Since Putin stole the 2011 election, and the subsequent protest movement was suppressed, the young people who took part in it have retreated into an angry silence. It’s not exactly a new situation for Russian intellectuals. Lenin was arrested here in 1887 for leading a student protest and spent most of the next 30 years in exile or underground. Then the Bolsheviks suppressed free speech and political opposition for another 70 years and Russia’s capitalist oligarchs are doing their best to suppress it now.He ties it to the present moment by saying, "Since Trump’s victory in November 2016, it has become possible to believe a similar collapse will happen in the west, to globalisation and liberal values."
In the face of this, why do Russian artists, philosophers and journalists persist in their belief in change? In short, because they have seen the moral and physical collapse of something that once seemed permanent: the Soviet Union.
He uses the example of Putin's emergence after the strong medicine of neoliberalism and austerity economics applied to Russia after the fall of the Soviet Union:
Compared with the chaos of the 1990s, Putinism has felt like a redemption. Putin has, at the cost of diplomatic isolation and the suppression of democratic rights, restored growth, order and national pride. Now all over the world there are mini-Putins: the Hungarian PM, Viktor Orbán; the Turkish president, Recep Tayyip Erdoğan; the would-be French fascist president, Marine Le Pen. If – as they desire – the west descends into economic nationalism, everybody under the age of 50 will go through the same kind of ideological shock the Russians went through in the late 80s.There are historical trends. The problem is, they're tricky to discern as they are happening. Which brings me to one of my favorite Hegel quotes: "The Owl of Minerva takes its flight only when the shades of night are gathering."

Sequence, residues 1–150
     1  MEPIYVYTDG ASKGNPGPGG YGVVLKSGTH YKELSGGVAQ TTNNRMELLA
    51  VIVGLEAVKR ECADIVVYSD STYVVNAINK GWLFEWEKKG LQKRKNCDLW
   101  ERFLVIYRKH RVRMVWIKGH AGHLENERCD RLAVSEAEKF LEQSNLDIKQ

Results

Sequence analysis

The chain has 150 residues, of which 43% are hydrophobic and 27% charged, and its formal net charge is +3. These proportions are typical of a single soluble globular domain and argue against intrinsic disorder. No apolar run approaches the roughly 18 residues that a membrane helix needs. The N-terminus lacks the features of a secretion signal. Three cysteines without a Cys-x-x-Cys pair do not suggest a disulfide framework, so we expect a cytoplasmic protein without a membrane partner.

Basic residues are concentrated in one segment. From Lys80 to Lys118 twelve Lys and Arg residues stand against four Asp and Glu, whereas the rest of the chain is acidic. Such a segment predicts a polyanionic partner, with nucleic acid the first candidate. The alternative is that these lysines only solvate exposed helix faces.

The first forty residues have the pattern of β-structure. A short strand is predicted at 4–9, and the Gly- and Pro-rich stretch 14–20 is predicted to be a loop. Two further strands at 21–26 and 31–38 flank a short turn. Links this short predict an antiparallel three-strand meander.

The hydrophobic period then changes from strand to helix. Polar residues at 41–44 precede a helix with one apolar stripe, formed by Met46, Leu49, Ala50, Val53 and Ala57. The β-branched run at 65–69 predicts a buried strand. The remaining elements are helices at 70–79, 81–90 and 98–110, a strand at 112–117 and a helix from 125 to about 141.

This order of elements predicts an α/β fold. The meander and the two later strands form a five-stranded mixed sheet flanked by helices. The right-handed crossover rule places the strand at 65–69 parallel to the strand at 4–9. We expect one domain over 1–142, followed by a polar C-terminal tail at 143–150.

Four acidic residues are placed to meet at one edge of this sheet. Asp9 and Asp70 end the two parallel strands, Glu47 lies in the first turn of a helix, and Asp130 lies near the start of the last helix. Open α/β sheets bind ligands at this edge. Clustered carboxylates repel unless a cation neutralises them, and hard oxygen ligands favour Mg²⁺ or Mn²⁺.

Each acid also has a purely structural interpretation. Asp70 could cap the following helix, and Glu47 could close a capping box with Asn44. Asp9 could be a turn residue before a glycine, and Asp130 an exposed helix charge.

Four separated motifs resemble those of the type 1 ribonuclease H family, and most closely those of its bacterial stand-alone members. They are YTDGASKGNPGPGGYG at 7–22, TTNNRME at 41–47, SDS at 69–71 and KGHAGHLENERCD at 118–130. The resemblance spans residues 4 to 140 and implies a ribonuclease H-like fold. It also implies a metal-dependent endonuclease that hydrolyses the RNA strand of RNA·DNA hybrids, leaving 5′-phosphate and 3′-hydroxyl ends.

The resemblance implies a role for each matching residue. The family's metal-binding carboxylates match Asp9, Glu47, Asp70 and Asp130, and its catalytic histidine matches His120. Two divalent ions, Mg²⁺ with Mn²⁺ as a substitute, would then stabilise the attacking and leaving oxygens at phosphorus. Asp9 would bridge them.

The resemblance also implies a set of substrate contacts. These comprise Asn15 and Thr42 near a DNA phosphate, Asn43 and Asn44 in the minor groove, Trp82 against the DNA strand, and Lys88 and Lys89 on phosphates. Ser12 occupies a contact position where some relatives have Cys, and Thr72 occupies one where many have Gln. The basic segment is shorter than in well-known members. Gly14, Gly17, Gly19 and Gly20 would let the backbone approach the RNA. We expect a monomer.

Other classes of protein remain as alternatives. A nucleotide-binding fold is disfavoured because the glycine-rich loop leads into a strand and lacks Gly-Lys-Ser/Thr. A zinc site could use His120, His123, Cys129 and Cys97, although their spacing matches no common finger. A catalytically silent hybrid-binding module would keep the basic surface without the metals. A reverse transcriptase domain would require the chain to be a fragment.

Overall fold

Meaning that we can't tell what a historical period really was about until it's ending. On the pessimistic side, I know, but a useful caution. Because people do make history and aren't completely at the mercy of broad trends.